Most Read


Lizzo Releases New Version Of 'GRRRLS' After Being Called Out For Ableist Slur In The Lyrics

Lizzo Releases New Version Of 'GRRRLS' After Being Called Out For Ableist Slur In The Lyrics
Jim Bennett/WireImage/Getty Images

Grammy winning pop star Lizzo was called out by disability activists for using an ableist term in her new song.

Her newest single, “GRRRLS” includes the line:

“Hold my bag, bitch, hold my bag / Do you see this sh*t? I’m a sp*z.”

While mostly recognized in the USA as a common slang term to mean “nerdy” or “klutzy,” the word is short for spastic. In other parts of the world it is recognized only as a slur that mocks disabled people with motor function or ambulatory disorders.

It's use in the UK and Australia is viewed to be as offensive as using the r-word slur—which mocks people with developmental disabilities—in the USA. As explained by NME, "spastic" comes from medical terms to describe disabilities that may cause spasms, like cerebral palsy or epilepsy.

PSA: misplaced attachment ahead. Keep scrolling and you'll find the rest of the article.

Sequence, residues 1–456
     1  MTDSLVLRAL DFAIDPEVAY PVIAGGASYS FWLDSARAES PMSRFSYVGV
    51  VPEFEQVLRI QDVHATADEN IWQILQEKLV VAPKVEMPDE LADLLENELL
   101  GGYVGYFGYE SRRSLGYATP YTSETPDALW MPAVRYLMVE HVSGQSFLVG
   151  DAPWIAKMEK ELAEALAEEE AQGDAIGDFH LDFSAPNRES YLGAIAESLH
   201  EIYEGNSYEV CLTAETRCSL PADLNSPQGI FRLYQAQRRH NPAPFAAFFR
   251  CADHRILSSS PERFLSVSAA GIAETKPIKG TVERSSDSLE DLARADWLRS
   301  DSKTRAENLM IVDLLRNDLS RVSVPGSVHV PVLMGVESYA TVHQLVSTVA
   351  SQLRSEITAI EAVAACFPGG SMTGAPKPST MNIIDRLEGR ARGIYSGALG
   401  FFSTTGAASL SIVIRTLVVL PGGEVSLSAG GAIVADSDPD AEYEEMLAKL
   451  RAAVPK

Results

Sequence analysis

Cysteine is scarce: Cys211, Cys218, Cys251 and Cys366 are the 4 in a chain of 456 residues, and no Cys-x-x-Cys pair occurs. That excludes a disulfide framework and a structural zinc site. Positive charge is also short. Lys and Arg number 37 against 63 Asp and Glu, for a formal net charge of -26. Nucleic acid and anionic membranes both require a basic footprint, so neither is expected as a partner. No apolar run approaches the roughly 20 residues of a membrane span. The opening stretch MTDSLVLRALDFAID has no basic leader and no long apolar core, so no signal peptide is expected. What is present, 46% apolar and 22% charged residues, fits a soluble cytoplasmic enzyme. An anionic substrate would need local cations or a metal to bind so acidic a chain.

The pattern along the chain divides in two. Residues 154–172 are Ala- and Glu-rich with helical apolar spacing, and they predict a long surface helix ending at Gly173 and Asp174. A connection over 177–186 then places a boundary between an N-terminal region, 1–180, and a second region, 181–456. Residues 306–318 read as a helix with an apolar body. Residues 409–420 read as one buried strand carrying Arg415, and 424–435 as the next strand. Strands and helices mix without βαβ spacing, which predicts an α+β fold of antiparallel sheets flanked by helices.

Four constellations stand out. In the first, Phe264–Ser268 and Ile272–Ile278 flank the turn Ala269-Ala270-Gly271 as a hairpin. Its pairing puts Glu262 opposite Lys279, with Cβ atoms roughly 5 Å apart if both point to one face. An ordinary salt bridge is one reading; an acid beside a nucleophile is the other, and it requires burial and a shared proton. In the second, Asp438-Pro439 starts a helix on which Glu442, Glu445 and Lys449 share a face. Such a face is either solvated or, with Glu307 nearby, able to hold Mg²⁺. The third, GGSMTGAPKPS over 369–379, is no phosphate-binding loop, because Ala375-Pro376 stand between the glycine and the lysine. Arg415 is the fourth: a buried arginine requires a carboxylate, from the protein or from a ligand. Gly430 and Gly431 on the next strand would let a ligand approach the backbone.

Fans and disability activists took offense to Lizzo's use of the term.

The single was released on June 10 and people—mostly from the UK and Australia—quickly called the singer out on social media over the weekend.

Lizzo heard the feedback and wasted no time in making things right.

Monday the singer announced a new version of the song will be released with the ableist term removed.

People were happy to see Lizzo own up to her mistake and take steps to correct it.

Still, some fans—almost exclusively from the USA—felt Lizzo didn't deserve any backlash and the song didn't need to be changed, blaming the reaction on "cancel culture."

Lizzo is well known for standing up for what is right and defending herself and others from disrespect.

It is no surprise she listened to disabled fans and activists—the people actually impacted—on this one.